As we've mentioned before, this spring is set to be an extraordinary one when it comes to Southern California's bountiful wildflower blooms. And according to the wildflower hotline at the Theodore Payne Foundation, it looks like that massive bloom is already here. Here's a quick rundown of where to see this year's batch of wildflowers:
According to the Payne Foundation, this is the "go to place for a while." Chocolate lilies are all over, while gooseberry, ground-pink, common goldfield, red skinned onion, purple owl's clover, wild hyacinth, and a whole bunch of other species are blooming all along the Pentachaeta Trail in Triunfo Canyon Park.
I arrived in Mendocino an hour before sunset, the last light of day touching the faces of the picturesque Victorian homes and store fronts, spilling across the Mendocino Headlands to cast a contented glow on the faces of the dog walkers, joggers, and hand-holding lovers crunching along the winding paths.
I have made a life of watching the sun sink into the sea, and so, eventually, I followed a path to the edge of the cliffs. The sea blew ragged, but the mouth of the Big River was a deep blue calm.
Directly below me, five twenty-somethings stood on the dark rocks as the ocean sighed and moved just off their feet. The three men were fishing. The girls watched the sunset. None of them seemed the least bit concerned with the oncoming darkness. All wore thick flannels and wool caps in deference to the ever cooling wind.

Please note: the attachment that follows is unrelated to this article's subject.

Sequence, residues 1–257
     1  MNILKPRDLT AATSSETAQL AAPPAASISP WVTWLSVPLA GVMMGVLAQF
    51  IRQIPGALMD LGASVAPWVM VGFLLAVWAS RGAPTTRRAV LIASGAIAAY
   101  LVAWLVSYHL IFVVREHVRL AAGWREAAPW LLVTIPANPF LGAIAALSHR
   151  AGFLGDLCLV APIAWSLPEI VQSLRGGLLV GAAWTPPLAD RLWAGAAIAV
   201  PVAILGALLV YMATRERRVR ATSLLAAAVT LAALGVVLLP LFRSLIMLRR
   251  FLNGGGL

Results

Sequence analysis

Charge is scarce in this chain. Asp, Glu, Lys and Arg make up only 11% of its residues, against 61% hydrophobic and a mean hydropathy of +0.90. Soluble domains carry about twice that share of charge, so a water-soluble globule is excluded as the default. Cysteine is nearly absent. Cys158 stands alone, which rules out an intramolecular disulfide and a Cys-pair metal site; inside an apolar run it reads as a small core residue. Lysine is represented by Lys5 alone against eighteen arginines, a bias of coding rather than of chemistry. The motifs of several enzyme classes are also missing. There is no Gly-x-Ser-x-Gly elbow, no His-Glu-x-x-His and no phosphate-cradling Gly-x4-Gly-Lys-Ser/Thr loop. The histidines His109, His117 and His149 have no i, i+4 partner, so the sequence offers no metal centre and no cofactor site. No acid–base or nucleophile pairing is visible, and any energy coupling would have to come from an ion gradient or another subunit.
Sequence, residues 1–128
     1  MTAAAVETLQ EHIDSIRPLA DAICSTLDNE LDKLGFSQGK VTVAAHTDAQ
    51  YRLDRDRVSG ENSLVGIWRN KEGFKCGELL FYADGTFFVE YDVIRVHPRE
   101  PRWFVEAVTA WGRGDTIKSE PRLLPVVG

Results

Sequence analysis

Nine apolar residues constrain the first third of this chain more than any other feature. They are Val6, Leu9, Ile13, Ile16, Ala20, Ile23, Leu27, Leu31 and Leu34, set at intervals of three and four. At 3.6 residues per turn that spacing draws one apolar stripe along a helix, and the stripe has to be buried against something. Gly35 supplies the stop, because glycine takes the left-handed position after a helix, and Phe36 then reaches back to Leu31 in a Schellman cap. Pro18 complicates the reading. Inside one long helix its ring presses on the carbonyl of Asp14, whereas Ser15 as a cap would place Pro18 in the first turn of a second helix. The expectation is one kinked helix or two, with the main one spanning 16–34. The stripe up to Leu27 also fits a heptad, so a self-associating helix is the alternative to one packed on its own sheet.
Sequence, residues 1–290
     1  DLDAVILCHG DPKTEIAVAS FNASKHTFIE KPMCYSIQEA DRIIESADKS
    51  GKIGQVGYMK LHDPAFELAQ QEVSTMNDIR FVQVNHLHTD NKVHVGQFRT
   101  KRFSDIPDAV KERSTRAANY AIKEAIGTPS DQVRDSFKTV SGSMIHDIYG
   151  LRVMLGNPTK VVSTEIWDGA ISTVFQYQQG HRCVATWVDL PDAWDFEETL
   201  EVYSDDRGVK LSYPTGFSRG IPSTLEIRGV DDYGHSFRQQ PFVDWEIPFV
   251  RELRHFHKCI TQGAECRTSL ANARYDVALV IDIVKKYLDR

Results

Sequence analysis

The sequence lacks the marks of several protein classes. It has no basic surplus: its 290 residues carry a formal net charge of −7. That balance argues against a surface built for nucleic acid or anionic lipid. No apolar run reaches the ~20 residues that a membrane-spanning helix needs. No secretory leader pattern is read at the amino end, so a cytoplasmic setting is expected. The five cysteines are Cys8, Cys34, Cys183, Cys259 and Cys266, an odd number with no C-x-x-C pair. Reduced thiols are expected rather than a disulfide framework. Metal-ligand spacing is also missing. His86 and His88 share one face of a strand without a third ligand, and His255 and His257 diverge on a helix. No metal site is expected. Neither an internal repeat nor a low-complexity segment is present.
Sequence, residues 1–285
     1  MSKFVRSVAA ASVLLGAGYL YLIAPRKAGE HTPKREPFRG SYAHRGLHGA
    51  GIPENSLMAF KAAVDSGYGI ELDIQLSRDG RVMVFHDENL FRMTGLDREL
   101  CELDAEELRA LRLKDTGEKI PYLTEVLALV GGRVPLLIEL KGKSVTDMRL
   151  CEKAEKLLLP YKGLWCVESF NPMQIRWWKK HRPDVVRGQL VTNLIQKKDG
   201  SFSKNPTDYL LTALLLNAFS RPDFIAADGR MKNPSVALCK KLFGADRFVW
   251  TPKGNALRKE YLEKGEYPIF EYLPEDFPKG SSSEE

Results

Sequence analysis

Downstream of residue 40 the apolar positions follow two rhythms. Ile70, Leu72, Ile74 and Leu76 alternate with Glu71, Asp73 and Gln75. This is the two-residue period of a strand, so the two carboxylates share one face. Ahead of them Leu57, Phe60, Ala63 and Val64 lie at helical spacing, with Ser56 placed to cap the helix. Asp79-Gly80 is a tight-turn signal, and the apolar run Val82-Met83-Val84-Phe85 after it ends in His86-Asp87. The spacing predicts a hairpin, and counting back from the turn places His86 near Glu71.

A man stepped up beside me.
Eschewing a greeting, he grumbled, "Stupid kids. How are they going to find their way back in the dark?"
I try to give my fellow man the benefit of the doubt, but it is also true I have small tolerance for the grumpy and the judgmental. I had already seen the well-stocked contents of the red and white cooler tucked up against the cliff, and a full moon was already in the sky. It seemed to me a fine way to spend the night.
I smiled at the man.
"I wouldn't mind being down there with them," I said.
He grimaced at me as if he might give me a push so I could join them.
"Well then, you're out of your mind too," he said.
I nodded agreeably. It was a possibility.
"Maybe gravity got the best of them," I said.
Mendocino is not without its New Agers, old hippies, and displaced Rastafarians. There is often a sweet smell in the air. It was not hard to see what my companion was thinking.
"I was walking the streets before I came down here," I said.
"You are crazy," he said, leaving before I had the chance to tell him what I had discovered.
As the light left the sky, I looked down a last time at the gathering below me. One of the fishermen had put down a pole and taken up a young girl's hand. Moonlight winked on the water.